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AC Checklist

Assessment Centre Dimensions

  • Are your assessment centre dimensions based on the competencies required for good, or at least adequate job performance considering such aspects as, attributes, characteristics, qualities, skills, abilities, motivation, knowledge and tasks?
  • Do you have the assessment centre dimensions which are relevant to both the job (or jobs) being considered and the culture of the organization by studying the competencies of top performers, and ideally make a comparison by studying some average performers and under performers competencies?
  • Have you used valid and reliable competence analysis techniques? Such as, inter alia Behavioural Event Interviews, Focus groups, Thematic analysis of data, Analyzing panel, Repertory Grid, Prioritizing Techniques, Performance Assessments, Linking with Key Results Areas, Survey, Questionnaire and Observation of Performance?
  • Are you certain that the competencies you have identified are the ones that are necessary for good job performance?
  • Has your competency modeling process taken into account the strategic intent of the organization - in other words, are your assessment centre dimensions, which are based on the competencies you have identified, the ones which the organization needs to take it forward?
  • Do you have a list of job responsibilities and have you taken these into account when determining competencies?
  • Have you written concise definitions in behavioural terms of your assessment centre dimensions and given behavioural anchors for each one?
  • Have external benchmarks been taken into account e.g. similar organizations' practices, similar industries, international standards, NQF unit standards, South African Excellence Foundation standards, Malcolm Baldridge Quality Awards standards?

Assessor selection

  • Is the mix of assessors reasonably similar to the mix of participants in terms of age, gender, ethnicity, culture, sexual orientation, religion, physical ability etc?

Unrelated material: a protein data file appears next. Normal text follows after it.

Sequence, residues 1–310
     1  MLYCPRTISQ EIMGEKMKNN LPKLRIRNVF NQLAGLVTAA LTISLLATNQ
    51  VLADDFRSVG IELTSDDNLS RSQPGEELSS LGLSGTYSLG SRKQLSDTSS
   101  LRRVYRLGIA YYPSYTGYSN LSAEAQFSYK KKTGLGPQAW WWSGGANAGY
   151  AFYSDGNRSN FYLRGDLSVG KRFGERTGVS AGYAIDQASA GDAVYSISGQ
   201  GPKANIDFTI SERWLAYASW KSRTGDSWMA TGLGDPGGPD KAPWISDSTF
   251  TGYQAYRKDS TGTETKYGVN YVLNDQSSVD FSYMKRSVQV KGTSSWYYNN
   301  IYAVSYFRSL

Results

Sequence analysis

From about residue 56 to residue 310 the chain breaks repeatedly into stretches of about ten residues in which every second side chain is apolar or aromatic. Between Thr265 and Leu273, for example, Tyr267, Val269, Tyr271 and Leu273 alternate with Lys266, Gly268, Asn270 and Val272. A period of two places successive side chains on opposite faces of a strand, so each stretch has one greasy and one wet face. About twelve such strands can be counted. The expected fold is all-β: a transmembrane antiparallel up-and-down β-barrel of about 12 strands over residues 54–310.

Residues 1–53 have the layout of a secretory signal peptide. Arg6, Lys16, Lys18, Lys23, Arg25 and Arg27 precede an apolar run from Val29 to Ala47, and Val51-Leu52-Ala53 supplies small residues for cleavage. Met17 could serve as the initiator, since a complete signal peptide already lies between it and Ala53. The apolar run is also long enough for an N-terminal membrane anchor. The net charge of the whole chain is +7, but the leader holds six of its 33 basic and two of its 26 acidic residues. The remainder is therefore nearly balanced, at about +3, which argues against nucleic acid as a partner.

• As a part of your assessor selection process, have you checked to ensure that your assessors are good observers, good listeners, able to record, classify, rate and interpret behavioural observations in a standardized and consistent manner, able to discuss their conclusions and generally reach consensus with fellow assessors?

Assessor training

  • Have you trained your assessors and checked that they have a thorough understanding of assessment centre techniques and the way observational data is collected, analyzed and rated, the definitions with behavioural anchors of the dimensions to be used, expected or typical behaviours, examples or samples of actual behaviours which signify effective and ineffective job performance, a demonstrated ability to observe consistently and with minimal bias, a demonstrated ability to give oral and written feedback, a demonstrated ability to roleplay, an understanding of how assessment data are to be used by the organization, a demonstrated ability to administer assessment centre exercises (if this is required of assessors),
  • Have new or recently trained assessors been mentored by experienced assessors and shadowed experienced assessors?
  • Have you checked their performance to find out if any of your experienced assessors need refresher training, which you should have given them if needed.
  • Have you used video to help your assessors review the behaviours that they have observed, recorded, rated and evaluated so as to increase their proficiency?
  • Have your assessors, roleplayers and administrators taken part in an assessment centre or assessment centre exercises as participants, been observed, had their behaviour rated and received feed assessment centre feedback?
  • Do your assessors have previous qualifications and or experience which are relevant to assessing e.g. psychologists, behavioural scientists, anthropologists, social workers, occupational therapists, salespersons, negotiators, human scientists?
  • Assessor training should take around three days, certainly no less than two days, and while this is expensive, a legal challenge based on the inadequacy of the assessors could cost your organization far more; so are you satisfied that you did a thorough job in training your assessors so that now they assess accurately and consistently?
  • Assessors must observe closely how someone performs and assess their performance level, like a keen observer of televised sport; have you erroneously assumed that assessors must be able to perform the tasks being assessed and probably at least one level (in job terms) higher than the participants or that they must have ?done the job?.
  • Have you tried to ensure a mix of personalities in your assessors, research has shown that ?warm-hearted? assessors tend to rate participants highly, while ?dominant? assessors rate participants low.